Ghost in the Shell: The New Movie (攻殻機動隊 新劇場版, Kazuya Nomura, 2015)

Ghost in the Sell new movieMasamune Shirow’s cyberpunk manga Ghost in the Shell burst onto the scene in 1989 and instantly became a genre classic. Mamoru Oshii then adapted the manga into a much lauded anime movie in 1995 which almost came to define cyberpunk animation even if it emerged towards the end of the genre’s heyday. A sequel, Ghost in the Shell: Innocence followed in 2004 as well as a TV anime spin-off Ghost in the Shell: Stand Alone Complex. Now with the 20th anniversary of the original animated movie, the series has yet again been adapted into a series of entirely new anime OVAs under the name of Ghost in the Shell: Arise. Ghost in the Shell: The New Movie (攻殻機動隊 新劇場版, Kokaku Kidotai – Shin Gekijoban) is the big screen outing of this latest incarnation scripted by Tow Ubukata who also produced the very GITS influenced Mardock Scramble.

Following on from the Arise OVAs, we find Major Motoko Kusanagi at the head of her gang of cybernetically enhanced former soldiers operating as security consultants with a special focus on cyber crime. Still outside the government aegis, Kusanagi has managed to wangle herself some extra funding and official patronage when she’s brought in to handle a sensitive hostage situation as seven disgruntled soldiers take a number of hostages inside a financial institution.

Though Kusanagi & co have the situation well in hand, they are about to have the rug pulled from under them firstly by the reappearance of the Firestarter virus which corrupts the memories stored on an infected cyberbrain wreaking havoc with their new captives, and then secondly as the hostage situation itself turns out to be a high level diversionary tactic designed to provide cover for the assassination of the prime minister. Kusanagi and her team quickly discover there’s far more going on here than they could ever have imagined and soon enough Kusanagi herself becomes the centre of a hi-tec conspiracy.

Like the Arise OVAs which preceded it, The New Movie maintains a much heavier focus on action set pieces than the philosophical contemplations that made Ghost in the Shell such an important entry in the cyberpunk catalogue. Though the ideas are not entirely absent, they are presented as background much more than an essential component of the series.

That said, the film does touch on some quite prescient issues firstly with the role of the soldiers which highlights the pressures ordinary rank and file officers are under when they see their service has not been valued and they’re about to be sold out by the country they risked their lives to protect. They are also, apparently, not well cared for by military authorities who kit them out with second grade equipment which they then also fail to maintain leaving many of their number literarily falling apart as their components become “obsolete”.

Ironically enough, Kusanagi also thinks of her team as component “parts” in a well functioning machine. She congratulates herself by praising them as a prime selection which she has been lucky to find – they need to look after themselves because a replacement component would be a hard thing to come by. However, if they begin to malfunction in some way, she will “purge” them rather than allow them to corrupt the rest of her system. This way of thinking seems cold to some members of the team, particularly to Togusa who’s the least “enhanced” among them. Raised by the military, Kusanagi is a born leader but not one to whom warm words come easily so this, actually rather apt, metaphor is as close as she will allow herself to get in letting the guys know that they each have their specific place within her grand plan. Though she needs them to perform as expected, they are important to her on both a personal and professional level.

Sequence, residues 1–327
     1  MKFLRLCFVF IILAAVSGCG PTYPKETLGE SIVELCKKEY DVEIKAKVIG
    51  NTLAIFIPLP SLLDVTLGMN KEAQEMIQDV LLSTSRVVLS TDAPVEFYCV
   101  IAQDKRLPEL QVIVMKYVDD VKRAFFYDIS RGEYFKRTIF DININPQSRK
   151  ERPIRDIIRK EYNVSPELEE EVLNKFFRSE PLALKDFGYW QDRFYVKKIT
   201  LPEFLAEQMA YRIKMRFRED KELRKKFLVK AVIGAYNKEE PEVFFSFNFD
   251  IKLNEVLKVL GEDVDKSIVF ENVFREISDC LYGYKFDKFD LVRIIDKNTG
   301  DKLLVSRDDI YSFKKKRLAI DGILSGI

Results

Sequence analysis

This is where we’ve been heading with Arise – the origin story of Section 9 as it comes to be in the original movie, and of Kusanagi herself. Unsurprisingly the conspiracy turns out to have a lot to do with the Major’s own past and a few buried “ghosts” which must be exorcised in order to move forward. This extended metaphor is played out in the somewhat contrived final fight which sees Kusanagi facing off against a villain using an identical cyberbody which means she is fighting “herself” in a way, but nevertheless, it is a victory of the reclaimed self (even if that same “self” is about to undergo yet more existential battles in adventures to come).

The new character design and animation style have begun to seem more familiar by this point, though despite the stellar work of Production I.G the New Movie never quite reaches the aesthetic heights of the iconic original. This is only further brought out by the frequent homages to 1995’s Ghost in the Shell including the final scene which is almost a carbon copy of the original film’s opening (thematically fitting as it is). The action scenes, however, are extremely impressive and display innovative animation techniques which make fantastic use of the latest animation technology. Another exciting, action packed outing for Major Kusanagi and her guys, the New Movie doesn’t quite live up to the legacy of its namesake but nevertheless proves a thrilling cyberpunk infused adventure and a fitting bridge between the Arise series and the landmark 1995 movie.


Reviewed as part of the “biennial” Anime Weekend at BFI Southbank. Ghost in the Shell: The New Movie is also available in the UK from Manga Entertainment (and Funimation in the US).

Unsubtitled trailer (why is it so hard to find a trailer for the Japanese language track with English subtitles for these?)